What to look for in a recruitment partner?
Choosing the right recruitment partner is an integral part of this process but eight years of financial services recruitment has taught me that not enough candidates are aware of the service they should be receiving.
Know where your CV is being sent – as a candidate you are supposed to be working in a partnership with your recruiter and you need to be aware of where your CV is being sent as otherwise you lose control of the process. It is only right and professional for any recruiter to tell you exactly which company they are working with; whilst there may be occasions where they need to be confidential, do expect to know what they have done with your details, as, for example, you do not want your CV landing with an ex-manager who you did not like!
Furthermore this scatter-gun approach results in your CV often landing twice on the same desk (which is not a positive image) and ultimately restricts the work that a quality, proactive recruiter can do on your behalf. If they cannot be certain that your CV has not been sent to their clients, they will choose to work another candidate instead. The best jobs are difficult to come by, so do not run the risk.
Communication – following on from this it is vital that recruiter and candidate have open lines of communication. Do not be offended if a recruiter wants to know details of a time when you have not done very well as they are often well placed to either defend this performance of place it into context. If a CV contains positive information for some years but no information for later years, companies will assume that performance has been poor.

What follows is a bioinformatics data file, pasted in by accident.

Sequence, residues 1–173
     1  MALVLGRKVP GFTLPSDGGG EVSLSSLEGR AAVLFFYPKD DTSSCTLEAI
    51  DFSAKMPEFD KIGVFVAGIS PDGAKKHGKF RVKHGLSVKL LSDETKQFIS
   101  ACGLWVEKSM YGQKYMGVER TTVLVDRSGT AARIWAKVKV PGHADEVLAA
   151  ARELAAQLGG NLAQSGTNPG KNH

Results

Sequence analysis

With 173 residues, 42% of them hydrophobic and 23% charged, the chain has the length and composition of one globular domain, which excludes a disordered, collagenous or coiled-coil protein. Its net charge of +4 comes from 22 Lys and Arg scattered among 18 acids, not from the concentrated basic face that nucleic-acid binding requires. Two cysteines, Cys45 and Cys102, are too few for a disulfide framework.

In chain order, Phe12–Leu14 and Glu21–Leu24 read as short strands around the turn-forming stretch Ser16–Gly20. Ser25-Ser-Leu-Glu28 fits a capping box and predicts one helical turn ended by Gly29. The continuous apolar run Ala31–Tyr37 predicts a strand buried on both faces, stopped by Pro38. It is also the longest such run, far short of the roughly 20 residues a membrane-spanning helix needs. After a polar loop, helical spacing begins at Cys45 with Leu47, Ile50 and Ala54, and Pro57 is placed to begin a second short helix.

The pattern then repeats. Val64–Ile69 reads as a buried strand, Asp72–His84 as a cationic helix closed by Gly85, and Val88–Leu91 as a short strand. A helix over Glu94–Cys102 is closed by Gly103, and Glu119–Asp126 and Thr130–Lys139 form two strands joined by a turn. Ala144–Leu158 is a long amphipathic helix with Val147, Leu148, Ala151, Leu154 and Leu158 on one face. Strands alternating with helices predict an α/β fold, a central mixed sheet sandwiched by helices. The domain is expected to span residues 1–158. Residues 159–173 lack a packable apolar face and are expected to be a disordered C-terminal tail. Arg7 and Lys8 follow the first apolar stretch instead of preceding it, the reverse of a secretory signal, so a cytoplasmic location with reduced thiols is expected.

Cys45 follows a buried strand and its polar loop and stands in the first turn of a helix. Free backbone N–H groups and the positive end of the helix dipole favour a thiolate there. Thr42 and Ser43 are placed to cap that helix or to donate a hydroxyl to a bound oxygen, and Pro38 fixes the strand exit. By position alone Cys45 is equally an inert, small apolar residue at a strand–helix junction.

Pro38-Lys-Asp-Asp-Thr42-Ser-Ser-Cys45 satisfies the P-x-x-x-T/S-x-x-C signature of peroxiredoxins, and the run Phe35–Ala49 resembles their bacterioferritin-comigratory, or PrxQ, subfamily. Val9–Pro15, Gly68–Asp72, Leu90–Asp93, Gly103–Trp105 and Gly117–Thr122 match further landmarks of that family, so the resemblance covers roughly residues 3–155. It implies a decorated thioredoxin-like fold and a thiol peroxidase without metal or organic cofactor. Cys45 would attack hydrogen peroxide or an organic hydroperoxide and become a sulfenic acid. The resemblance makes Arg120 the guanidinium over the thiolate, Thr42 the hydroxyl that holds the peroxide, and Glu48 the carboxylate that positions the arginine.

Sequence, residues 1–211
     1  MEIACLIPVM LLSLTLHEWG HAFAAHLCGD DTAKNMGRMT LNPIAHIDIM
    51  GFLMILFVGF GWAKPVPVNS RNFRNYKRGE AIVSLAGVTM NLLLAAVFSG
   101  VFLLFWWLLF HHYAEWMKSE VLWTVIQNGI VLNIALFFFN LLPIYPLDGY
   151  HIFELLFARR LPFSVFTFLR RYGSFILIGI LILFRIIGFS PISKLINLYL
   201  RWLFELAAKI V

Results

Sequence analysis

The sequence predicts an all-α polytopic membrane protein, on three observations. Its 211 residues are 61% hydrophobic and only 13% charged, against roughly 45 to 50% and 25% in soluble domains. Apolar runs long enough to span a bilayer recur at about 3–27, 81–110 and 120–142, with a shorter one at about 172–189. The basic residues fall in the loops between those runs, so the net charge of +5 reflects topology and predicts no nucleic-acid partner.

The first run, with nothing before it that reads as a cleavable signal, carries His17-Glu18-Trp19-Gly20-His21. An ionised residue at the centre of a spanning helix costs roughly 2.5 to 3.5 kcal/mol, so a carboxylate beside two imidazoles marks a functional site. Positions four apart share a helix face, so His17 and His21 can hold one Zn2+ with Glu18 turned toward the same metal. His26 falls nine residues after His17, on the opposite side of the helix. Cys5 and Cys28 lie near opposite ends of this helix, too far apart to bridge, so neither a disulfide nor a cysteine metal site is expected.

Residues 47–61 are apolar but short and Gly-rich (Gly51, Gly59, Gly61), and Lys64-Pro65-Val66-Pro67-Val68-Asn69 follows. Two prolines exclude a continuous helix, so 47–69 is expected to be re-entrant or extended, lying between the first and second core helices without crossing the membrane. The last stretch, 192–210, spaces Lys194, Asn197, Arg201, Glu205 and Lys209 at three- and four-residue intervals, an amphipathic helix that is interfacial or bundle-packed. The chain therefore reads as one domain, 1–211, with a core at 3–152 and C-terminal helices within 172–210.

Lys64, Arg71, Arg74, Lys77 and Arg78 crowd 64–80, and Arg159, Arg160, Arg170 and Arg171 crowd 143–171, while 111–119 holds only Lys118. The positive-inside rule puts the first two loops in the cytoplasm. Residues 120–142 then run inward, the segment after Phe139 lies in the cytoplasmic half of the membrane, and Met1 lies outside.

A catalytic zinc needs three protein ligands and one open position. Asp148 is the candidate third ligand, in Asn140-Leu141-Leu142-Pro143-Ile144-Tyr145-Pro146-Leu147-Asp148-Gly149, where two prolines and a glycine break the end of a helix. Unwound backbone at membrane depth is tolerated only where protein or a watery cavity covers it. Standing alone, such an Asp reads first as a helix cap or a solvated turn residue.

Recruiters should keep you abreast to new roles, your suitability for them and feedback as to whether you have been selected for interview, as well as interview feedback, should the recruiter receive it of course!
Honesty – whilst it can sometimes be a difficult conversation a recruiter should manage a candidate’s expectations. It is not an easy market and a recruiter needs to express to you any issues that might preclude you for a role, or provide guidance as to what an individual needs to do to improve their chances. Whilst not always easy to hear it is a better approach than saying nothing and then disappearing from view.
The ability to listen – one of the most important traits of a successful recruiter is the ability to listen. An adviser is not just an adviser, they are an adviser with a personality, particular requirements and a different belief in how they should work. In order to find the best possible role, matching the perfect working culture is of huge significance and if a recruiter does not listen to you or ask you the right questions, there is a good chance that they will not find you the right position.
To speak with a recruiter that understands the importance of these skills please contact Andy Taylor, Robert Perry or Leanne Fairhurst at Exchange Street on 0161 973 6900 or firstname.lastname@example.org.